- educate people about the dangers of doping to both their health and sporting careers
- inform people about their anti-doping rights and responsibilities
- deter people from doping, and
- identify and sanction those who dope, whether inadvertently or not.
This plan outlines the work we will do to protect the health of athletes and the integrity of sport in Australia over the next four years.
- a world-class anti-doping programme based on the World Anti-Doping Code (the Code) and associated International Standards and ASADA’s legislated responsibilities
- contemporary financial and governance practices that fulfil our obligations as a Commonwealth entity
- commitment to the Australian Public Service Values set out in the Public Service Act 1999
- adherence to the Australian Government Investigations Standards.
- design and deliver education and communications programmes
- detect and manage anti-doping rule violations, from testing through to presenting cases at hearings and appeals
- collect and analyse anti-doping intelligence, and conduct investigations of possible breaches of the anti-doping rules
- monitor and report on sports’ compliance with anti-doping policies
- support athletes to meet their anti-doping obligations.
This plan has been developed in the context of the threat doping poses to sport. Doping is a global issue and increasingly sophisticated, and there is increased public interest in anti-doping activities.
There is an international push to move beyond drug testing as the only way of detecting doping. The use of intelligence and investigations is now a primary focus; however there is also an increase in legal challenges to these investigations.
Anti-doping has become part of a wider response to issues with integrity in sport. We are building on our relationships with law enforcement and government agencies. We will align our systems with those used by our international counterparts.
To achieve this, ASADA conducts anti-doping activities encompassing engagement, deterrence, detection and enforcement.
Strengthening relationships internally and externally to build anti-doping capabilities and sharing of information.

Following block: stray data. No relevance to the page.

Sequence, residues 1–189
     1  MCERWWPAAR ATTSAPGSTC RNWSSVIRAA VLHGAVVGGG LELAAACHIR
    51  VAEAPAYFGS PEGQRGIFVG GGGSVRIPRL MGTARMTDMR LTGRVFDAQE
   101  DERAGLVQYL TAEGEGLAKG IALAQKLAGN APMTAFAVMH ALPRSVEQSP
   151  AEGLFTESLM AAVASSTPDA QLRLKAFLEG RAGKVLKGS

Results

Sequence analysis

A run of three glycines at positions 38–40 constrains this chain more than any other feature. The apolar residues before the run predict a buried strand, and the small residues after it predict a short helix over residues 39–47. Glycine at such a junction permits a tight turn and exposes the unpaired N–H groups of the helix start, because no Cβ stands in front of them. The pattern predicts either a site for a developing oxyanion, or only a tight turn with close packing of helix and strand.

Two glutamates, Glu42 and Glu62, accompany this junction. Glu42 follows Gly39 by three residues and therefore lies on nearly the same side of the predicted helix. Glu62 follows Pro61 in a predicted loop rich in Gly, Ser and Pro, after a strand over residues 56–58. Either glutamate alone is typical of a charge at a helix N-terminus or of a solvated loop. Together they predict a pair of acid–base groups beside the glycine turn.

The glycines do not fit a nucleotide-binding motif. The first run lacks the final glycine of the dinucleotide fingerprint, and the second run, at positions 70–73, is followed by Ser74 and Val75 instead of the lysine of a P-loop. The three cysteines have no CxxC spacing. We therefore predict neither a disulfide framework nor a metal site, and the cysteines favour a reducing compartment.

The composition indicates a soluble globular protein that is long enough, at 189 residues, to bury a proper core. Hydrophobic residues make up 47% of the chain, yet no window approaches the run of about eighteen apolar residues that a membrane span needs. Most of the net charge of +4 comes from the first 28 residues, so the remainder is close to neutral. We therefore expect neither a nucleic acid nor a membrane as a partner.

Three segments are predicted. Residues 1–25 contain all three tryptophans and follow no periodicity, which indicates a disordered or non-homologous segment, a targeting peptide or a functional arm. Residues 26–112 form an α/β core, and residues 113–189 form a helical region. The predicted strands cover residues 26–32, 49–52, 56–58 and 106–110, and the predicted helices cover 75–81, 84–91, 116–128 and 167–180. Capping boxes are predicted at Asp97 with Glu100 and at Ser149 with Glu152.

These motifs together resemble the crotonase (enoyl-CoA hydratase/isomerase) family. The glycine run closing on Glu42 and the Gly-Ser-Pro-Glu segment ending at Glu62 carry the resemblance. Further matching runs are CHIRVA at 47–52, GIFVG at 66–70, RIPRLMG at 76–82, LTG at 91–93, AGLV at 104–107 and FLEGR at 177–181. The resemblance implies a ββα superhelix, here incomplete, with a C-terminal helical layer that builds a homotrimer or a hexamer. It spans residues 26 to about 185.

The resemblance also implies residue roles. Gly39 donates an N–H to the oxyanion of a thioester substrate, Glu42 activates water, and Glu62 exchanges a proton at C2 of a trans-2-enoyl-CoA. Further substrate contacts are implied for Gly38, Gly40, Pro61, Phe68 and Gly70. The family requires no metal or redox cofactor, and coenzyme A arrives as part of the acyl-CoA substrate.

Minimising the risk of doping through education, communications and testing.
Gathering intelligence, targeted testing, and investigation of possible breaches of the anti-doping rules.
Managing possible anti-doping violations and presenting cases at hearings and appeals.
ASADA conducts these activities within the framework of its risk-based anti-doping methodology.
We will assess our performance annually against activities in this plan by measuring the following:
|Performance Measures||2015-16 target||How will we measure this?|
Percentage of national sporting organisations, athletes and support personnel satisfied with anti-doping education and awareness raising programmes
|80-85%||Survey of participants in ASADA education activities|
|Percentage of sporting organisations, athletes and support personnel aware of ASADA legislation and the Code||80-85%||Annual ASADA stakeholder research questionnaire|
|Percentage of athletes agreeing that ASADA’s education and information services had minimised their risk of an accidental breach of the anti-doping regulations||80-85%||Annual ASADA stakeholder research questionnaire|
|Number of ‘show cause’ notices issued to athletes or support personnel||5% increase on the
number issued in in the
|Information from ASADA’s case management system|
|Percentage of cases conducted by ASADA in tribunals that result in a finding of an anti-doping rule violation||80-85%||Information from ASADA’s case management system, published outcomes of cases|
The results will be published as part of the ASADA 2015–16 Annual Report.
In 2015–16, we will implement a risk-based anti-doping model that addresses the current challenges faced both internationally and domestically. We will focus on incorporating our expanded information-gathering and investigative powers into a holistic anti-doping programme. We will do this in an environment of constrained resources.
This will be supported through engagement with other agencies, including law enforcement, to build upon the cooperative framework necessary to identify possible anti-doping rule violations.
In the lead up to major sporting events, such as the Rio 2016 Olympic and Paralympic Games and the Gold Coast 2018 Commonwealth Games, ASADA will contribute to protecting the integrity of Australian sport. This will include:
- an intelligence led, comprehensive test plan
- storage of selected samples in a long-term storage facility
- induction and support to athletes to help them meet their whereabouts obligations
- education for athletes and support personnel.
We regularly review our workforce to ensure we have the mix of skills and experience necessary to deliver our anti-doping programme. In 2015–16, our focus in recruitment will be on:
- education – to enable us to extend the variety and reach of our educational services
- intelligence – to enable us to form stronger relationships with bodies working in the integrity area
- investigations – so that we have greater capacity to investigate possible anti-doping rule violations.
ASADA is committed to a comprehensive, coordinated and systematic approach to managing risk. We will help managers anticipate uncertain events, make the most of opportunities and respond appropriately to potential weaknesses.
We establish and maintain appropriate systems of risk oversight, management and internal controls in accordance with section 16 of the Public Governance, Performance and Accountability Act 2013 and the Australian Government’s Commonwealth Risk Management Policy.
In our operations, we adopt a risk-based anti-doping model focussing on aligning doping risk assessments with intervention strategies as outlined above.